In a report released Tuesday, the Center for Responsible Lending said that many banks "use scare tactics and other misleading practices to persuade consumers to opt into high-cost overdraft programs for debit card purchases."
The center, a North Carolina research and policy organization, said a random survey of about 1,000 checking-account customers reflected widespread confusion over the new rules.
For instance, 60 percent of survey respondents who opted into overdraft coverage said an important reason for doing so was to avoid fees if their card is declined, the study said. Under the rules, if a customer does not opt in, a bank cannot charge a fee for declining a debit-card purchase or for authorizing a transaction despite insufficient funds.
"For almost half of those who opted in, simply stopping the bank from bombarding them with opt-in messages by mail, phone, e-mail, in person, and online banking was a factor in their decision," the center's report said.
In a separate study to be made public Wednesday, the Pew Health Group called for standardizing banks' disclosures of a broad range of checking-account terms, and said overdraft costs continued to be a particular point of confusion.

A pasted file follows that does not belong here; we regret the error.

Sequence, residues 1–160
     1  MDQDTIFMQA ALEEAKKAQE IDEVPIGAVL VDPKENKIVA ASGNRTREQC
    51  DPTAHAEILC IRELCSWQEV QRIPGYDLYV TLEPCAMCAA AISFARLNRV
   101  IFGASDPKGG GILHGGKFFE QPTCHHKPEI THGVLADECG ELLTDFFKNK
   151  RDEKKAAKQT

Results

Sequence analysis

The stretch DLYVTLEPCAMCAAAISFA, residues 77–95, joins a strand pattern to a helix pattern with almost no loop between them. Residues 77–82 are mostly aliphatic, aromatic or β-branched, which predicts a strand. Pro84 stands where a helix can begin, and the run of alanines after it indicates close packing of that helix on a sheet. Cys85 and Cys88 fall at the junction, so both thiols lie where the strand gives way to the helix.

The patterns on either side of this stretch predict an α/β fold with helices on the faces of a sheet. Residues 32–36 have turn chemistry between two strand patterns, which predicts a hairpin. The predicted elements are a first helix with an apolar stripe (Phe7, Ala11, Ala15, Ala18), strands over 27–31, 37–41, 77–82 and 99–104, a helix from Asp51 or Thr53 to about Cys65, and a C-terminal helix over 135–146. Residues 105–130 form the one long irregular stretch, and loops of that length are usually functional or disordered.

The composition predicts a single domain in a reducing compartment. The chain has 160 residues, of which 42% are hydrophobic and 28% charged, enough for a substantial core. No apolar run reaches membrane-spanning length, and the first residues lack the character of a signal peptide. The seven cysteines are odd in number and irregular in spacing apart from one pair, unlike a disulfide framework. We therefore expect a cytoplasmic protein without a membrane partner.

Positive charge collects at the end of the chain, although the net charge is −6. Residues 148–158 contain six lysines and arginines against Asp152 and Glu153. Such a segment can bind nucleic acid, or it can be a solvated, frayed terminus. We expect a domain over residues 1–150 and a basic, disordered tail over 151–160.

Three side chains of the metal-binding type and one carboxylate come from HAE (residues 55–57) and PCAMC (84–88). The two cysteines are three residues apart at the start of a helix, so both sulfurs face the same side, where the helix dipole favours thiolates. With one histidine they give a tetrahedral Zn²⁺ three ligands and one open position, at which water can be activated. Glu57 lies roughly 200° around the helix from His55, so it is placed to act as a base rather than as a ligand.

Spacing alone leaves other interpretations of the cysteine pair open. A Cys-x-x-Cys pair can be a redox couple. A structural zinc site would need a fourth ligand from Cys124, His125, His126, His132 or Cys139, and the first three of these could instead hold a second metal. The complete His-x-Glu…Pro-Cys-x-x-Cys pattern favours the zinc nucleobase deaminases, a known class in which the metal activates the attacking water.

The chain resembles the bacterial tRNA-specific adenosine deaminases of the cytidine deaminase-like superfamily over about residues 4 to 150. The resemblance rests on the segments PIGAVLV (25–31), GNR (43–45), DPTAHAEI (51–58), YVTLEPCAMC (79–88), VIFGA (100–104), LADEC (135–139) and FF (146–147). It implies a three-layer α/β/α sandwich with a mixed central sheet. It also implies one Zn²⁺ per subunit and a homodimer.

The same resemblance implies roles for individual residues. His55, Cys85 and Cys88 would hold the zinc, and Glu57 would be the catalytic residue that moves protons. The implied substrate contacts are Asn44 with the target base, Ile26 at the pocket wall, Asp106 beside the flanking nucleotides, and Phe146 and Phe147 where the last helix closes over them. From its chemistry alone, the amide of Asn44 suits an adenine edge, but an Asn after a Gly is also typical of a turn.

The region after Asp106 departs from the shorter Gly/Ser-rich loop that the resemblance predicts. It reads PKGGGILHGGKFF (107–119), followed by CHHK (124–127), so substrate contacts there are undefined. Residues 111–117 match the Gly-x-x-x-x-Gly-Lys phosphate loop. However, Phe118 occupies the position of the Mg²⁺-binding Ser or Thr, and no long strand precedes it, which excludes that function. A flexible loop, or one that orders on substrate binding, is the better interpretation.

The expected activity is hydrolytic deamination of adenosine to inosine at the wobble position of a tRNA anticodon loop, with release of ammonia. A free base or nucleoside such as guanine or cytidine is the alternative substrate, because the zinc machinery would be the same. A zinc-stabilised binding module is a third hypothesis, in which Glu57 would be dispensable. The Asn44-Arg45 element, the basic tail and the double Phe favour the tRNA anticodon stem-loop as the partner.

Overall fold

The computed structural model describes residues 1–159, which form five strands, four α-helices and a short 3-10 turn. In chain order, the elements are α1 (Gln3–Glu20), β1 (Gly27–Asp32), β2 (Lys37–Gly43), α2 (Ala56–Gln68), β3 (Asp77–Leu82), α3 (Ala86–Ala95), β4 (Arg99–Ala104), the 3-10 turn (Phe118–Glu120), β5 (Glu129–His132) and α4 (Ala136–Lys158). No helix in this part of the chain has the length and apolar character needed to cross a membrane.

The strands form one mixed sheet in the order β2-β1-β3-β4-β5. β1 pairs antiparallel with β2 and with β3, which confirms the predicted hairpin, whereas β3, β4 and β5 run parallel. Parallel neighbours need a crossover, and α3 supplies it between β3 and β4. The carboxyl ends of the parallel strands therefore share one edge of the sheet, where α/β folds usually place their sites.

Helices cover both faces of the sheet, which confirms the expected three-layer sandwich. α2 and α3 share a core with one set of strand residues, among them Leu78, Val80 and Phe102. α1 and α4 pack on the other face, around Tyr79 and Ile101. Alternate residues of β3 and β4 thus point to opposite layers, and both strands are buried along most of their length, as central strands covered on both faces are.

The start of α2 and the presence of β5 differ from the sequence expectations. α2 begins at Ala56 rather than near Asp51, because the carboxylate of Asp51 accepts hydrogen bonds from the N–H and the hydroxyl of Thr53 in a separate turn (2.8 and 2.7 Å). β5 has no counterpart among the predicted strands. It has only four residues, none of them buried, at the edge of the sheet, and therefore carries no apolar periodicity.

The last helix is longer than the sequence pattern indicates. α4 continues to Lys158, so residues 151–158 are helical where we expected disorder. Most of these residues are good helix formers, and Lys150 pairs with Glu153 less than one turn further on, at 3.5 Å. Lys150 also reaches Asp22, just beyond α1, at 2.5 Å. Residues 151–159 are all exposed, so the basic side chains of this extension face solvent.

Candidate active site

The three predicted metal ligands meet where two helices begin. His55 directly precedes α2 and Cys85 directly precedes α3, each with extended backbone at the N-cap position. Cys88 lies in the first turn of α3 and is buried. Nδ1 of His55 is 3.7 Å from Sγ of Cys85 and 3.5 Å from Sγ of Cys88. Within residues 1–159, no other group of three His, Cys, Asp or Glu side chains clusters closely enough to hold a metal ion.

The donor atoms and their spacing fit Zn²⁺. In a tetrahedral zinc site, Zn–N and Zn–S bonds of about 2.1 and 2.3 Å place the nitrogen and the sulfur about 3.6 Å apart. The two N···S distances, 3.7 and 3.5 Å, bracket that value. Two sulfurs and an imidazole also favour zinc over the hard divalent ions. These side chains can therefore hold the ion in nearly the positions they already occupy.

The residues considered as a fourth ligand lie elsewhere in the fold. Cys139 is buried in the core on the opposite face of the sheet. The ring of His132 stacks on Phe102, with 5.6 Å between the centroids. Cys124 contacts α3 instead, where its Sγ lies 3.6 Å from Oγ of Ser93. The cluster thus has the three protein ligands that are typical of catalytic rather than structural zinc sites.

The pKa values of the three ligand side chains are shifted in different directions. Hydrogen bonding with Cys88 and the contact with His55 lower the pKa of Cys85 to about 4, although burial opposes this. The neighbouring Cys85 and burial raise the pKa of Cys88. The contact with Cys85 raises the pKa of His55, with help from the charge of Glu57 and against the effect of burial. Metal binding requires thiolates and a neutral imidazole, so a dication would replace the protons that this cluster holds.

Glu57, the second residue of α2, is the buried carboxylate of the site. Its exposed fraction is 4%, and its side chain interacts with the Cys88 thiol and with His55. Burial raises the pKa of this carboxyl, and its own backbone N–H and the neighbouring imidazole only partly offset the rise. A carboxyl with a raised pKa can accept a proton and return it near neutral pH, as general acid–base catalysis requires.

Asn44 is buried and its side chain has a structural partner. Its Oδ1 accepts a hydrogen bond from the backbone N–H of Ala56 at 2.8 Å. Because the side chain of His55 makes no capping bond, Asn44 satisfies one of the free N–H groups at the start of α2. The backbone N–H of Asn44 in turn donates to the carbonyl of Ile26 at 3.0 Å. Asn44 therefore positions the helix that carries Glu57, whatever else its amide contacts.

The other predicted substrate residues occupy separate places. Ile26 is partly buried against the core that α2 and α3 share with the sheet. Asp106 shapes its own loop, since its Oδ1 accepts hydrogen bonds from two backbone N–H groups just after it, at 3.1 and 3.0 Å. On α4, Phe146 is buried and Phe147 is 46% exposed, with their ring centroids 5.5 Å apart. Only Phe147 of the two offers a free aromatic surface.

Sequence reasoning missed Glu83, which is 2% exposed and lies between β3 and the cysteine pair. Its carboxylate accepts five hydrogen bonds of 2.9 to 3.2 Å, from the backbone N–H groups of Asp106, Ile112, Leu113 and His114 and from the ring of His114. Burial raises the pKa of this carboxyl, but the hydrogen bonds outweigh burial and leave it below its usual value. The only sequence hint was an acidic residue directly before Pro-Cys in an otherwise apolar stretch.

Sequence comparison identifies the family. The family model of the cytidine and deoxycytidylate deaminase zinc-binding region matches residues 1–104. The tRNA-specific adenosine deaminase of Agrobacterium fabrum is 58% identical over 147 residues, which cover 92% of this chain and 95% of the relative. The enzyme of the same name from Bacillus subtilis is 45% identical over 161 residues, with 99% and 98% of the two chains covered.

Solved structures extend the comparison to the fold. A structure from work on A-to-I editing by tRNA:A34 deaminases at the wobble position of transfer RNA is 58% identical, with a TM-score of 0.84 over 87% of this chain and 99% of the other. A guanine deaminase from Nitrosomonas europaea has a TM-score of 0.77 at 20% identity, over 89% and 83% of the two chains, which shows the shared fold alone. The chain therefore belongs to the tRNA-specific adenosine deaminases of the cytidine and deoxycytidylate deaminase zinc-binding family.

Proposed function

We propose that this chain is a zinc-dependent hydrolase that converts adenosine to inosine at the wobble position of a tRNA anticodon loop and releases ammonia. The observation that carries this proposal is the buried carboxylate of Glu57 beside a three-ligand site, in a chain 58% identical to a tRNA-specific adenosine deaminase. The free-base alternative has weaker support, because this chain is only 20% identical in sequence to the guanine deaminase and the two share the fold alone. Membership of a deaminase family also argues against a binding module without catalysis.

Pew, which examined about 250 checking-account products offered by the nation's 10 largest banks, said accounts had a median of 111 pages of disclosure documents, with information on key terms and conditions widely dispersed.
Pew said most of the banks offered lower-cost options for covering debit-card overdrafts by linking checking accounts to other accounts, such as a line of credit. But banks are not required to present such options alongside their standard overdraft programs, or to disclose the benefits of not opting in, which Pew said was "a choice that would allow customers to avoid exceeding their available balance or incurring any overdraft fees."
Carol Kaplan, of the American Bankers Association, said she had not seen the Pew study, but she was critical of the methodology used by the Center for Responsible Lending, which asked respondents to rate the importance of various factors in their decision to opt in to overdraft coverage - including some that would reflect misunderstanding of the rules.
"This is a flawed survey at best," Kaplan said.
Joshua Frank, senior researcher in charge of the study, defended the approach.
"It's always a difficult thing in surveys to try to get at consumers' misperceptions," Frank said. "Our study shows that there's definitely more work to be done, because lots of people are opting in for the wrong reasons."
Contact staff writer Jeff Gelles
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